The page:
John Carpenter’s follow-up to his student film opus Dark Star was Assault on Precinct 13, a gritty, suspenseful, modern-day urban western set in South Central Los Angeles. Pitting gangs against police, the film turned a lot of heads, including producer Irwin Yablans, who would help greenlight Carpenter’s next feature, Halloween.
Studio: Scream Factory
Distributed By: Shout! Factory
Video Resolution and Encode: 1080P/AVC
Aspect Ratio: 2.35:1
Audio: English 2.0 DTS-HDMA, English 5.1 DTS-HDMA
Subtitles: English SDH
Run Time: 1 Hr. 31 Min.
Package Includes: Blu-raykeep case in a slipcover
Disc Type: BD50 (dual layer)
Release Date: 11/19/2013
John Carpenter’s Assault on Precinct 13 is a near-perfect example of how cause and effect can snowball into one final showdown. As the film opens, a SWAT team raids a known gang hideout for stealing a stockpile of automatic weapons. The street gangs unite, pledging to avenge the raid with a spree of violence. A young girl (Kim Richards) is innocently and brutally killed by a gang member as part of the spree, and her father (Martin West) exacts revenge by killing the young man who was responsible. Fearing for his life, he flees to the nearest police station, Precinct 13, almost completely catatonic by the time he stumbles inside. Meanwhile, Lt. Ethan Bishop (Austin Stoker) has been assigned to supervise the final closing of the old Precinct 13, which has been relocated, leaving the building with minimal staff (Henry Brandon, Laurie Zimmer, and Nancy Loomis), facilities, and utilities. Finally, a bus of inmates being transferred to a maximum security prison, including death-row Napoleon Wilson (Darwin Joston) make a detour to the old Precinct when one of the inmates becomes increasingly ill. This all culminates in a showdown between the zombie-like gang members who lay siege to the precinct unrelentlessly and the inhabitants of the precinct fighting for their lives, cut off from all communication.
The Production Rating: 3.5/5
Made on a paltry budget (reportedly $100,000) in 1976, Carpenter and production designer (and childhood friend) Tommy Lee Wallace make good use of their locations and limited sets to make the film claustrophobic and suspenseful. The film has some solid performances, particularly Austin Stoker as the young police Lieutenant, Darwin Joston as the death-row inmate Wilson, and Laurie Zimmer as the precinct office manager Leigh. Zimmer and Joston have great on-screen chemistry, adding just a touch of wild west romance to the film.
Reportedly, this is the same 1080p AVC encoded transfer used on Image Entertainment’s Blu-ray release from 2009 (which this reviewer has not seen, and thus can’t make a comparison). The film’s intended aspect ratio of 2.35:1 is retained, with consistent and accurate colors, excellent contrast, and for the most part excellent black levels (although there is some minor evidence of crush during some of the more darkly lit scenes). Film grain is present, and is only mildly distracting during darker scenes.
Video Rating: 4/5 3D Rating: NA
As with most Scream! Factory titles, the film includes the original 2.0 mono and a 5.1 remix, both in DTS-HD Master Audio. The DTS-HD Master Audio 5.1 is mostly front-centric, with some channel separation and a deeper low-end (adding more resonance to Carpenter’s synth-heavy score). Surrounds are pretty much non-existent, except for ambient music and effects.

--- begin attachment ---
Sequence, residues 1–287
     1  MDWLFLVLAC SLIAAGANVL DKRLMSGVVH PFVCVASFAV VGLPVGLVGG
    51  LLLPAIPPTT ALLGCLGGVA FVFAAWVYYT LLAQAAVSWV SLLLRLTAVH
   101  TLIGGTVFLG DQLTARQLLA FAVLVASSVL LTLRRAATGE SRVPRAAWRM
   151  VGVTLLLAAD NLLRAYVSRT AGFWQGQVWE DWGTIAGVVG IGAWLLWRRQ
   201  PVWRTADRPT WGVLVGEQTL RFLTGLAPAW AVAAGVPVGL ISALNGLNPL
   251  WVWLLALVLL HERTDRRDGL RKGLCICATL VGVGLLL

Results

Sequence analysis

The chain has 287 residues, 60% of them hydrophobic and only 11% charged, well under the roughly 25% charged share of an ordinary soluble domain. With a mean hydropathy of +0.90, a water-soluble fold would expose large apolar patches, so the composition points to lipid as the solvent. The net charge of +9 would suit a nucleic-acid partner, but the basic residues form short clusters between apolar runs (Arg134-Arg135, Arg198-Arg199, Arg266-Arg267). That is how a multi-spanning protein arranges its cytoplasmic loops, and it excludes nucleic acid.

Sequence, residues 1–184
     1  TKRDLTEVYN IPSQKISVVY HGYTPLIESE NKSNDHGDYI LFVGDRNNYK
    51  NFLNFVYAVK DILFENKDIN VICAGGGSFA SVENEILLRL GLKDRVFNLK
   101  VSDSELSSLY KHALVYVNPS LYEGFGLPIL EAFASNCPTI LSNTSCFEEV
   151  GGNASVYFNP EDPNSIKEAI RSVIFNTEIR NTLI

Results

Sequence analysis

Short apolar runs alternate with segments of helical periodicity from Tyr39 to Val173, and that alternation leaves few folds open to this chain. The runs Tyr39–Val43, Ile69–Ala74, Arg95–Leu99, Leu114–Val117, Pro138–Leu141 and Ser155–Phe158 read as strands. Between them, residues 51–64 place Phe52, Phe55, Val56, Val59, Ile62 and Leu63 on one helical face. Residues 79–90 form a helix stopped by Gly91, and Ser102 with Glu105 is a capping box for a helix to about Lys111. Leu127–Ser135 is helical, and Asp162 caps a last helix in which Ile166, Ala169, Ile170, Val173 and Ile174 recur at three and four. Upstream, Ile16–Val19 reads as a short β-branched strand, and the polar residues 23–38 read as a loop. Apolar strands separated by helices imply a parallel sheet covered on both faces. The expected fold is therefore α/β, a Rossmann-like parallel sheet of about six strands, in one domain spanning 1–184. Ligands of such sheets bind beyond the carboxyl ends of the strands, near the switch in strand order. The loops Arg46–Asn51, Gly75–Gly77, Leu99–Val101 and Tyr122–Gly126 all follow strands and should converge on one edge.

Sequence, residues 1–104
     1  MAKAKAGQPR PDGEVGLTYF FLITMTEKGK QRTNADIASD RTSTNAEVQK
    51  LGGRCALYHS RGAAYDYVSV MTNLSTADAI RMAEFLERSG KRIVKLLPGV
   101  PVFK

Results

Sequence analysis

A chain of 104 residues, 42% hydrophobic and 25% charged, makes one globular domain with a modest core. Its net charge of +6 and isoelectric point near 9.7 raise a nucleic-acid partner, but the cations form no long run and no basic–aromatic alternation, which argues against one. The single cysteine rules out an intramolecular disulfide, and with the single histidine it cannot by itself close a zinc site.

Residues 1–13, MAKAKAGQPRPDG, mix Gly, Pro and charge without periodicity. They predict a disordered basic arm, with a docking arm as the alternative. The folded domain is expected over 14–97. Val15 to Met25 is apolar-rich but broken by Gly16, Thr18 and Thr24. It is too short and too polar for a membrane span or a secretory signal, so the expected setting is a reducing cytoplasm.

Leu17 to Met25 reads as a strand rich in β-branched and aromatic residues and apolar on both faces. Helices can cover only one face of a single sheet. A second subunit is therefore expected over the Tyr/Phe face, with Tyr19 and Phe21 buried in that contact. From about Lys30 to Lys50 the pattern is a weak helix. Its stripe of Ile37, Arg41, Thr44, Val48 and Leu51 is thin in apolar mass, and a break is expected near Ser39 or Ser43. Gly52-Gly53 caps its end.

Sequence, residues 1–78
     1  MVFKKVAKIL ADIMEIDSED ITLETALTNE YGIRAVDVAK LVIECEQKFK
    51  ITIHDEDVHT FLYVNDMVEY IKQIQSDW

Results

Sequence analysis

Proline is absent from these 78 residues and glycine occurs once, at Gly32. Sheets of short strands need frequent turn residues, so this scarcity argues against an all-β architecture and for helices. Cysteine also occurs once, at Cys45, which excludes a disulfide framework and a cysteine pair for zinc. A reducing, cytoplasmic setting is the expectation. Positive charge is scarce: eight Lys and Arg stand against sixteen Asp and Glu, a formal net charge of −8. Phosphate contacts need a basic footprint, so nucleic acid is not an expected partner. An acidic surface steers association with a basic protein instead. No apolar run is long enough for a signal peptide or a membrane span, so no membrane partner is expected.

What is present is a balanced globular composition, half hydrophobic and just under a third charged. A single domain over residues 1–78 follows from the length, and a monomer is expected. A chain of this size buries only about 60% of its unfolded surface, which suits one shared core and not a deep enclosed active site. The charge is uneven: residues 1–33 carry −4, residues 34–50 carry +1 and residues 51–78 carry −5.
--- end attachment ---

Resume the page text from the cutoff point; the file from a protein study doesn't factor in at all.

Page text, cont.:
Audio Rating: 3.5/5
Many of the special features from the Image 2009 release have been ported over, with some new material added for extra value.
Special Features Rating: 3.5/5
Audio Commentary with John Carpenter: Ported over from 2009, Carpenter discusses the film’s Western roots, making a low-budget exploitation film in the 1970s, and shooting on location.
Audio Commentary with Tommy Lee Wallace: Michael Felsher hosts this new commentary track, in effect interviewing Assault on Precinct 13’s production designer and sound effects editor. Wallace discusses his long-time friendship with John Carpenter, creating the sets, shooting at Raleigh Studios, and making the film in general.
Isolated Music Score: Carpenter’s score is presented in Dolby Digital 2.0 stereo, with a bitrate of 192 kbps.
Interview with John Carpenter and Austin Stoker (HD; 23:07): Originally recorded at a screening at the Egyptian Theater in Hollywood on January 25, 2002, the two discuss making the film. This was a single-camera shoot, apparently in standard definition, and upscaled for this release.
Bishop Under Siege with Austin Stoker (HD; 7:48): Stoker discusses his career and his work on the film in this new interview.
The Sassy One with Nancy Loomis (HD; 12:43): Loomis discusses working with John Carpenter early in her career in this new interview.
Theatrical Trailer (HD; 2:03): Faded and a bit worn, the trailer is presented in 1.85:1.
Radio Spots (1:04): Two radio spots are featured.
Still Gallery (HD, 3:36)
Reversible Cover Insert: Choose between Scream! Factory’s new artwork, or the film’s original movie poster.
Assault on Precinct 13 still stands as one of John Carpenter’s best films, and it is easy to see why this was such a pivotal film in his career. Owners of the 2009 Image release may have to decide if the added interviews and commentary track are worth an upgrade, but Carpenter fans will be pleased with this new release from Shout! Factory.
Overall Rating: 3.5/5
Reviewed By: Todd Erwin
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